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Sad television stars slip silver dollars into the offering plates
At the end of the wooden pews
And lumber toward seats among mannequins, Mayakovski, and me.
Brown and plastic,
Side by side,
Awaiting a sermon.
“You dream you’re sitting
In a church among dummies,”
Freud reflects from the next pew.
“With a poet!” I resist, lucidly.
But, of course, the dummies burst into song
Their voices and the heat intensify
With the tart smell of tan plastic burning.
Ashes float as it strikes me as odd
That this is the first time
That I have ever considered this place
There is no fire alarm,
No howling, piercing shriek in the yellow blaze,
No sporadic, spasming flashes
To warn the innocent and their guilty goats.
“What about the fun we had?”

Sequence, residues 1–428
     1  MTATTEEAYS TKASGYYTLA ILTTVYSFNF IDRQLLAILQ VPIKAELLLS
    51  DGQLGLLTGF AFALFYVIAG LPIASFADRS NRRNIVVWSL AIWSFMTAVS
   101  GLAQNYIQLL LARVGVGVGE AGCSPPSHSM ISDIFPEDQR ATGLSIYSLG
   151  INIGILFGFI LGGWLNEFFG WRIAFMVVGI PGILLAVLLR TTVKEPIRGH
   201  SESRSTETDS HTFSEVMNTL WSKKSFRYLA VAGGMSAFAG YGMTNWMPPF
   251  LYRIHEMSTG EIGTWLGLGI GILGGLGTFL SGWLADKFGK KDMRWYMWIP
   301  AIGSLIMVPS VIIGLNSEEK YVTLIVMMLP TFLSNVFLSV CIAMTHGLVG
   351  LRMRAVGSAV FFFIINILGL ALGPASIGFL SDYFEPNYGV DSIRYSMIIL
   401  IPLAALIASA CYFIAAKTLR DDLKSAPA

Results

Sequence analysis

My curly-haired Sunday school teacher asks,
Brushing blackening embers from the burns in her dress.
I’m definitely not thinking of Holy War or female circumcision.
And I’m definitely not telling her.
I’m not praying for an omnipotent deity
To vanquish sweaty, leather-clad Amalekites
And pile them among the splayed flesh
Of all my other scowling enemies.
My brother-in-law holds a prayer book open across his face
In the swelling smoke,
Looking almost enviably drunk,
As pillars collapse
On teams of other well-dressed worshipers
Unmoved and unmoving.
I seem to be the only one
Whose dry throat can’t swallow
The parched air of panicked disappointment
In these fiery mistakes of the past.
–For Orli Auslander
Photo Credit: Best and Worst Ever under (CC BY 2.5) via Blogspot